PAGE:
General McChrystal, General Petraeus, and General Confusion

Barack Obama’s Afghanistan commanders are something else. First, they promoted a highly debatable counter-insurgency strategy. Then, despite the numerous and cogent contemporary critiques, they got the president to buy into their particular brand of wishful thinking, and they got from him the additional troops supposedly needed for success. They have since failed to deliver. There are no convincing signs of… Continue Reading General McChrystal, General Petraeus, and General Confusion

Vietnam War Lessons: Never Too Late to Learn

Developments over the last month or so have put the U.S. commitment in Afghanistan under a dark cloud. The McChrystal affair and the WikiLeaks revelations are symptomatic of deeper troubles: the rapid bankruptcy of counterinsurgency, a surge in U.S. casualties, the persistently problematic role of Pakistan, the continued immobility of the Karzai regime, the sluggish progress in training Afghan forces,… Continue Reading Vietnam War Lessons: Never Too Late to Learn

The McChrystal Affair: Pity the Poor Historian

There is good reason to pity the poor historian, who has been tested especially severely during the recent McChrystal-Obama imbroglio as the eruption of historical parallels and lessons have ranged from the wrong-headed to the off-kilter. Continue Reading The McChrystal Affair: Pity the Poor Historian

The Obama National Security Strategy: “Mush” Ado about Nothing?

In the world of U.S. foreign policy, the release of a new National Security Strategy is a big deal. This congressionally mandated exercise offers an opportunity for the executive to grapple with basic issues, and it may even herald the birth of a “doctrine” (as it did for George W. Bush in 2002). The Obama administration rolled out its NSS… Continue Reading The Obama National Security Strategy: “Mush” Ado about Nothing?

Victory in Vietnam: The Myth That Won’t Die But Can’t Stand Up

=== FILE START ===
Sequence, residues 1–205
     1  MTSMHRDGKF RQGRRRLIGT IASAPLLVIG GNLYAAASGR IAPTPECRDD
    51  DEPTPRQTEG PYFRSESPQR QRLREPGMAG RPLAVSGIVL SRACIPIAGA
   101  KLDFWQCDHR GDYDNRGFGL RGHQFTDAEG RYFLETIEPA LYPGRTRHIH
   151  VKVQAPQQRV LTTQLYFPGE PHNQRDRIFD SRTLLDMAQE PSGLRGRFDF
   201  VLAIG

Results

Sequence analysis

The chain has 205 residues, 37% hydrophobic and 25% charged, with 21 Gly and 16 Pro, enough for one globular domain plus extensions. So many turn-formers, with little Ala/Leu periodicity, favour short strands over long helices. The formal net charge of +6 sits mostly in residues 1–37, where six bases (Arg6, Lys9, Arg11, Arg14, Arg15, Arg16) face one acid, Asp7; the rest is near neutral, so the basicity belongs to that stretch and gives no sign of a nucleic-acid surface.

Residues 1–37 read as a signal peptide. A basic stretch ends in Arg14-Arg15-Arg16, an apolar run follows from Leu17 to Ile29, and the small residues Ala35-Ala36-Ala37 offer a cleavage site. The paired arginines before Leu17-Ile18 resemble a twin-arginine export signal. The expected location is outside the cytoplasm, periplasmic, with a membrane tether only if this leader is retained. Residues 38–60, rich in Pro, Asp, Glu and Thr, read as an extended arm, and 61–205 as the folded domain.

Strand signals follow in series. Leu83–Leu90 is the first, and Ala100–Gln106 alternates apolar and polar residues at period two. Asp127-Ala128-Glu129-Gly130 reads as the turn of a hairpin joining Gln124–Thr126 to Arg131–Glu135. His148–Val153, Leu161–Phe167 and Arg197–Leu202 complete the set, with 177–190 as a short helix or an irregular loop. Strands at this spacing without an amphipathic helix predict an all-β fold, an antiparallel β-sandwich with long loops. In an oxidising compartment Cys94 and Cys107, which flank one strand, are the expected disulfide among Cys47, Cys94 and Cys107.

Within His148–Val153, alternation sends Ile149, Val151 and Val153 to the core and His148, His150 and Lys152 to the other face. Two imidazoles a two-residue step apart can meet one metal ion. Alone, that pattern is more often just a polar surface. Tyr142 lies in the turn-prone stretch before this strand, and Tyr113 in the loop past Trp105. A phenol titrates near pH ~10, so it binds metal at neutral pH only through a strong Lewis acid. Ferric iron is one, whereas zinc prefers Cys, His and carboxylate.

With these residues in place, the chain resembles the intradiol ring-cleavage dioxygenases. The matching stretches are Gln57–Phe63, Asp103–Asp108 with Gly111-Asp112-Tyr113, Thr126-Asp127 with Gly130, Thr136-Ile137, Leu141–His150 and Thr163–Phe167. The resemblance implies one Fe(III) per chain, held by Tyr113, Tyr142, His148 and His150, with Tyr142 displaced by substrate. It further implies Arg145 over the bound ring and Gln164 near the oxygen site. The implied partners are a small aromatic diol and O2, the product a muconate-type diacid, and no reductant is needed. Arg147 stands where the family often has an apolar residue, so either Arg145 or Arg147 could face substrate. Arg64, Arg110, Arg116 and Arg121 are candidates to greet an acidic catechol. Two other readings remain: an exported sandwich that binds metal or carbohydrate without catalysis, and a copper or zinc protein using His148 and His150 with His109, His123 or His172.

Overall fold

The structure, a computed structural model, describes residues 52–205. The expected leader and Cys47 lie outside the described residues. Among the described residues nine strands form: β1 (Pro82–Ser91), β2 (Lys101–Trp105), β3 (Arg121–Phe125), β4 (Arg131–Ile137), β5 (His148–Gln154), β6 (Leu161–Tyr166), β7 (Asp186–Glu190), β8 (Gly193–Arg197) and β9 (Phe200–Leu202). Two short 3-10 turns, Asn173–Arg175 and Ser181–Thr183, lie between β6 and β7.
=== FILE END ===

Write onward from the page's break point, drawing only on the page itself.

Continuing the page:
The U.K. edition of A Vietnam War Reader: A Documentary History from American and Vietnamese Perspectives hits bookstores across the pond today — just as Britons head to the polls to elect a new Prime Minister. In a previous guest post, editor Michael H. Hunt addressed one of the more striking similarities between the Vietnam War and the current conflict… Continue Reading Victory in Vietnam: The Myth That Won’t Die But Can’t Stand Up

Karzai and the Shadow of Diem

“We’re frustrated,” conceded President Obama’s press secretary, Robert Gibbs, on Monday. The U.S. relationship with Afghan president Hamid Karzai is currently strained, to say the least. Offering some historical perspective on the situation, we welcome a guest post today from Michael H. Hunt, whose most recent book, A Vietnam War Reader: A Documentary History from American and Vietnamese Perspectives, was… Continue Reading Karzai and the Shadow of Diem

Obama Pronounces on Afghanistan: Deja Vu All Over Again!

In a follow-up to his article on Obama and Afghanistan, Michael Hunt responds to President Obama’s speech at West Point last night, in which the President laid out his plan for additional troops and a timeline for withdrawal.–ellen¬† [author photo by Dan Sears] Barack Obama has an impressive intellect, and he has given the decision on Afghanistan policy the careful,… Continue Reading Obama Pronounces on Afghanistan: Deja Vu All Over Again!

Obama’s foreign policy in light of ‘The American Ascendancy’

Today we welcome a guest post from Michael H. Hunt, author of The American Ascendancy: How the United States Gained and Wielded Global Dominance, a new paperback edition of which has just been published. In the book, Hunt gives a long historical view of what factors enabled the United States to evolve from colonial outpost to global preeminence and explores… Continue Reading Obama’s foreign policy in light of ‘The American Ascendancy’